Scott's full complement of firetrucks and ambulances stood ready for action, carefully backed into place across the floor by his bed. The only thing missing was a Dalmatian; the only hotter scene would be a life-size firehouse. We chose the Bethesda-Chevy Chase Rescue Squad on Battery Lane.
Critically eyeing the trophy-laden lobby, Scott, 4 1/2, met volunteer Ken Kuntz and stepped behind the scenes to see the squad's high-tech, glossy, miracle-working machinery. It wasn't quite what he'd expected.
The dispatcher's office is a "Star Wars" array of buttons and flashing lights with a red phone to the Emergency Operating Center in Rockville, where all "911" calls go.
"We need a crew to save a life," intoned the Saturday-morning volunteer, spicing his intercom spiel for our benefit. We were ushered through the rec room, kitchen, laundry and dining room to the upstairs quarters for 15 live-in staffers. All volunteers have 12-hour night shifts, 7 to 7, (until becoming life members after 10 years' duty), so there's lots of time for weight-lifting and TV watching. "It's like a fraternity atmosphere," said Lt. John McDonough, an eight year veteran.
Rows of bunks, and a squadron of tall boots, lifeless pants and suspenders, waiting for heroes to jump into them. Then there was the pole in the corner . . .
The pole! Scott wouldn't get too close, but he was clearly fascinated by it and its hole in the floor. "Now that's something," he allowed. And back downstairs he made the connection to the pole where rescuers drop down through the hole in the ceiling.
In the garage, Kuntz regaled us with state-of-the-art equipment: newfangled ambulance, mobile intensive-care and paramedic units; scene lights, gas masks for toxic fumes, air bags, auto extrication devices, ropes, torches, rescue tools in case of a building collapse, more electric lines and lights -- ("accidents always seem to happen in the middle of the night") -- pulleys and smoke ejectors, all tucked inside a succession of compartments that Kuntz patiently opened and closed as we moved around the truck.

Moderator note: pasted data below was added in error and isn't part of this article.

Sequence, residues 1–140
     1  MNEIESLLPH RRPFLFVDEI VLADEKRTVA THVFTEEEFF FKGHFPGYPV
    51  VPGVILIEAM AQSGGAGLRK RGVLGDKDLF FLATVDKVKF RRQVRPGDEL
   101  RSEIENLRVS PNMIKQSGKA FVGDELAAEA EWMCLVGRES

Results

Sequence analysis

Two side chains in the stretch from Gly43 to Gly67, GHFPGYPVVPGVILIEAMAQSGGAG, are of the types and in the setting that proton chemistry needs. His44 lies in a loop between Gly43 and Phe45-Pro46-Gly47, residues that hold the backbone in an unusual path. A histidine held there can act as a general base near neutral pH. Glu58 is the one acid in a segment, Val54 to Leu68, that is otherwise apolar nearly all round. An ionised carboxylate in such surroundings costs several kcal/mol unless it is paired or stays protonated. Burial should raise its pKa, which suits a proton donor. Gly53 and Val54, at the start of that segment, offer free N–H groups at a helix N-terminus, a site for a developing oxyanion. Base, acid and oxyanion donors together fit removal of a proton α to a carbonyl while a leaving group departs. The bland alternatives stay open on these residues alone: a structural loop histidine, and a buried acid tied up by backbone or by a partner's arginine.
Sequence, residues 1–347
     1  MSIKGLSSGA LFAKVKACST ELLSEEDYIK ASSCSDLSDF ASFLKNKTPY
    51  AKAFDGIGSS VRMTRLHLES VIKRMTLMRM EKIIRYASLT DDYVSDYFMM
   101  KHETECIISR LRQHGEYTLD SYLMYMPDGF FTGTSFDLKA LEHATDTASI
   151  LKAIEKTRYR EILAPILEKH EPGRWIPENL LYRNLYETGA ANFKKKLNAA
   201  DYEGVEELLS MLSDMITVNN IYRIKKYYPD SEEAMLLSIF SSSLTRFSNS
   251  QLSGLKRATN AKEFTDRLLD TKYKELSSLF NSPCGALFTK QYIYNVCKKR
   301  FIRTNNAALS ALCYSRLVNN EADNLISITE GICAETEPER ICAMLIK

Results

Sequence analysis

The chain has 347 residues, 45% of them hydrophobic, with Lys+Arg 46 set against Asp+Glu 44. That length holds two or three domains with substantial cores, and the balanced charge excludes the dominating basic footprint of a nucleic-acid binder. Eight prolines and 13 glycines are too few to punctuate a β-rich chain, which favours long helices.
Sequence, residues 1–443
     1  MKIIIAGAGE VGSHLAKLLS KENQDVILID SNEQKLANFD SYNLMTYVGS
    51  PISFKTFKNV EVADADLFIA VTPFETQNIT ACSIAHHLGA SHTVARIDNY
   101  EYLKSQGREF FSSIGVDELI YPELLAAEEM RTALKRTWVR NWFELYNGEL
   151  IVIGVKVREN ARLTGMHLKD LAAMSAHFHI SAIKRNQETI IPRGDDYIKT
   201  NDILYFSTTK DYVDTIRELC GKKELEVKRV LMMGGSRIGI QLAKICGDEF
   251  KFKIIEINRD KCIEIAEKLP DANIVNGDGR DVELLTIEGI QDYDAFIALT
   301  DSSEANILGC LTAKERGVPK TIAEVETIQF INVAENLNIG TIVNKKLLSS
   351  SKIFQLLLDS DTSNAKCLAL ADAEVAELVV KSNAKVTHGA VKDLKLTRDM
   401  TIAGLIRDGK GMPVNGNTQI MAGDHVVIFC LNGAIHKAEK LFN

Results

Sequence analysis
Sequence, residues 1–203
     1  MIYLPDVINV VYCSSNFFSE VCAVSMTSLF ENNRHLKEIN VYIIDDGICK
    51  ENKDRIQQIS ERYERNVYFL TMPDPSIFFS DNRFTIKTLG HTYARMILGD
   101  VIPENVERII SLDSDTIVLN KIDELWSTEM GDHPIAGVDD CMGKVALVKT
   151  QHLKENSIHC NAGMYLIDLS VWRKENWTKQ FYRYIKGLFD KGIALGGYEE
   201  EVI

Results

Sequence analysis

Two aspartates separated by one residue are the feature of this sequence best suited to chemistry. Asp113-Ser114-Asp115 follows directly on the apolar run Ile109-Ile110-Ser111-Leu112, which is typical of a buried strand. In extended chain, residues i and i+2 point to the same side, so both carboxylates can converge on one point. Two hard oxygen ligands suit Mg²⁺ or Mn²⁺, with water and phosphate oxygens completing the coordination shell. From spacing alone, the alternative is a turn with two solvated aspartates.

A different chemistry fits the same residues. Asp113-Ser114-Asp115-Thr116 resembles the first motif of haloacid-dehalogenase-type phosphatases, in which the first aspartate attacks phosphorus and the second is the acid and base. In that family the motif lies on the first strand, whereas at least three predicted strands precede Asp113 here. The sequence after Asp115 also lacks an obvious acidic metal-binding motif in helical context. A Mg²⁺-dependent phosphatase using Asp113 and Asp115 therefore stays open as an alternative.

Scott wasn't unnerved by the description of the high-pressure Hurst hydraulic tool. Optimistically called the "jaws of life," it can snip and cut apart cars with five tons of force, on the way to rescuing accident victims. Where a 4 1/2-year-old pictures heroes saving lives, grownups are saddled with visions of victims. But on to air tanks, compressors, 17,500 watt generators and giant lamps -- at least $100,000 worth of white rescue truck. "These don't look like fire engines to me," Scott said, taking no substitutes for the fire-engine red image he'd brought from home.
"Fireman, what's in those windows up there?" Scott asked, pointing to the top of the truck. "The room you didn't want to go into when I asked if you wanted to climb inside." At the height of the tour, Scott had declined to sit in the driver's seat, although he asked Kuntz to haul himself up there.
Kuntz moved on to the mobile canteen and equipment trucks, which accompany the unit on major runs. The squad answers more than 20 calls a day, 700 a month, from routine checks to major fires and accidents. The staff of about a hundred volunteers -- a dozen or so of them women -- has five ambulances, two heavy-duty rescue trucks and one mobile intensive-care unit that looks like an ambulance, plus several utility trucks.
"But there's no hook-and-ladder here," Scott protested.
As if one cue, a classic red fire truck from the nearby Bethesda Fire Department pulled into the black lot to pick up oxygen tanks. It was Little Boy Heaven: hoses, sparkling silver appointments on a mile-long red fire engine complete with lights flashing and firemen making a fuss. In the garage, intercom beeps and tones filled the air, and raincoats and real fireman hats lined the walls.
So tell us, Scott. What do you want to be when you grow up?
"A policeman, a fireman or a garbageman," he replied. You'd think the hat would have made the difference.